The Players

The blame here is two-fold; the players must take responsibility for poor performances on an individual level and a lack of real fight in them, while the manager must be blamed for his inability for motivating them both on and off the pitch. But what has become clear, is that much of our current squad are, in one way or another, not of the level required to really challenge for the league let alone Europe.

Some will say that it is the managers fault for bringing in quite a few players who, on evidence, are not performing to the level required. Indeed, this argument has some merit, considering that Arsenal have spent only 50-odd million pounds less than Bayern Munich since 2004; one club is a European power house, while the other struggles to challenge for a full domestic campaign.

Arsenal have certainly spent money, huge sums of it, and yet year after year we as supporters continue to question why many of these players are still on our wage bill. There is no point in me rattling off the names of those who are guilty in not leaving every single thread of energy and passion on the pitch every single time they feature for the club, what must be said however is that apart from a small cadre of them, the players we have now are a far cry from the days of Tony Adams, Martin Keown, Ray Parlour, Dennis Bergkamp, Freddie Ljungberg, Patrick Vieira, Emmanuel Petit, Thierry Henry, Gilberto Silva, and so on.

Once upon a time, players truly bled for this club, now the image received by us is that they bleed for the paycheck that is guaranteed to come every week. The truth of the matter is that our current squad cost the same or more than the Bayern side who gave us the biggest margin of defeat over two legs for any English club in European history. Our players, so often lauded by Wenger as having a fighting spirit and mental strength (when times are good, mind you), routinely capitulate faster than the French army in 1940.

They cannot shoulder all the blame, but yes, each player must look at himself and understand that the effort they put forth on the pitch is not only good enough for Arsenal, but for any footballer at this level. You can blame our defensive frailties on the manager (yes, half of it should fall on his shoulders), but the constant instances of players refusing to take responsibility on the pitch, take up a leadership role, or put in the work on the pitch that is required happens far too often.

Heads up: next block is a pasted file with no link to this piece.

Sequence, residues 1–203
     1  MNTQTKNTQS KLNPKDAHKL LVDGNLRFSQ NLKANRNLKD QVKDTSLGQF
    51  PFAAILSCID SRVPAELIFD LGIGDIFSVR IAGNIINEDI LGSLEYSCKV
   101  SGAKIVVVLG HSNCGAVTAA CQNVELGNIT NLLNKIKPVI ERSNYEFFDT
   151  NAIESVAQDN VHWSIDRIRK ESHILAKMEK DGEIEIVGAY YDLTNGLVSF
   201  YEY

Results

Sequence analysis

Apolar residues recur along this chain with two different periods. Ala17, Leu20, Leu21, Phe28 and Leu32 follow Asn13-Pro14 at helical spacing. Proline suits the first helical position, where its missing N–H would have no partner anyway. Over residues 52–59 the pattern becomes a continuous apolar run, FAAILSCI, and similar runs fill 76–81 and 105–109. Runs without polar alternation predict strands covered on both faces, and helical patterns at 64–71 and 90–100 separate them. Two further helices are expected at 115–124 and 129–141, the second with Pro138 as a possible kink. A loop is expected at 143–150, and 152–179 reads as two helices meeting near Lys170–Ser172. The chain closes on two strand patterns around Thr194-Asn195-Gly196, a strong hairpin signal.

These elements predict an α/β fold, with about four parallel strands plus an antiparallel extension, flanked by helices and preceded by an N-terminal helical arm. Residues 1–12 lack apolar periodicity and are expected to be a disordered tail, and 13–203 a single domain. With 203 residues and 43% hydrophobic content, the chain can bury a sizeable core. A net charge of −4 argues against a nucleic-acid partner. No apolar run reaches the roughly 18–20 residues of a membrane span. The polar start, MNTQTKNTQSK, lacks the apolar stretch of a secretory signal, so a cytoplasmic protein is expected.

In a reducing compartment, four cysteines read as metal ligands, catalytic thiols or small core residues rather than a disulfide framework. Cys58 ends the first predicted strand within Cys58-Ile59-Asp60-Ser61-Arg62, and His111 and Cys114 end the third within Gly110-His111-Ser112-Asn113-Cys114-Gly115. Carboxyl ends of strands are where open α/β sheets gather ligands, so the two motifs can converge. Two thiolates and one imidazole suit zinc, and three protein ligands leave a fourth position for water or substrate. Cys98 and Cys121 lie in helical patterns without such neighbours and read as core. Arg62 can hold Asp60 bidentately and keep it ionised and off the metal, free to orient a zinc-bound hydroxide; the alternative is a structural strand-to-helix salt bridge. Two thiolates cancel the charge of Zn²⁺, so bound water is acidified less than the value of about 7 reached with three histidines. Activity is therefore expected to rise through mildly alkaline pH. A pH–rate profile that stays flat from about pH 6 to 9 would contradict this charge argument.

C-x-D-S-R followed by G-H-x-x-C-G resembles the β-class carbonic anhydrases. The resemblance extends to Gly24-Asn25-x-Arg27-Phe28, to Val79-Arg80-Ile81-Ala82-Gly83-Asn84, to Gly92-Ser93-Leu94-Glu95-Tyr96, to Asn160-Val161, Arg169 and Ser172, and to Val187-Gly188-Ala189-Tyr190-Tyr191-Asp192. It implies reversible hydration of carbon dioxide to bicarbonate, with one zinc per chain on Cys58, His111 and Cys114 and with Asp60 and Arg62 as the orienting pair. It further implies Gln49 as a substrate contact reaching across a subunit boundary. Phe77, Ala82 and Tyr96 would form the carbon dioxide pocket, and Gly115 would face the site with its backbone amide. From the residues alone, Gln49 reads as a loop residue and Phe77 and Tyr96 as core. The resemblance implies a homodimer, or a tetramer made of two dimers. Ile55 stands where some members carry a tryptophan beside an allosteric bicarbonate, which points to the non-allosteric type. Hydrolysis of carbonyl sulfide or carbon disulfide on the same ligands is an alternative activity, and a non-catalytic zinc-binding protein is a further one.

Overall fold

It is okay to lose when you have nothing left to give or if you were just outplayed despite your best efforts, but it’s not okay to lose when you clearly have so much more remaining.

Though the board or indeed the manager is sure to never sanction a near complete squad rebuild, it certainly needs addressing in the summer. The hard facts are that at least seven or eight players need to be let go, and if we are to spend big sums of money on their replacements, we can all hope they’ll be the right ones; remember N’Golo Kante was purchased for less than Granit Xhaka.

In conclusion

It’s not all doom and gloom for the club, but perhaps just gloom. We are in a very healthy financial state, and we do have a core of players who we can build something special around; whether we like it or not, Wenger has tried his best to leave us in decent shape, though it may be harder to push on than we all want to come to terms with.

There is work to be done moving forward, and there will be tough times. Even if Wenger calls time this summer, no one can expect instant results from the next manager; not even under Massimo Allegri if he did in fact make the move from Turin to London.

What we cannot fear, what the board cannot fear, and what the players cannot fear, is change. Change is inevitable, in all manners of life, and football is certainly no different.

Unfortunately for us, simple change may not be enough, and it genuinely may well take burning the entire project to the ground and starting completely fresh from the proverbial ashes for this club to realize the potential we all hope it still possesses.

Until next time, COYG.

Drew is one of our #ABW Regular Columnists and can be found on Twitter as @AFCBvB1410. When not writing for us, he also writes for Outside of the Boot and FutbollPulse, and he’s a regular hipster on the Football Hipsters Podcast.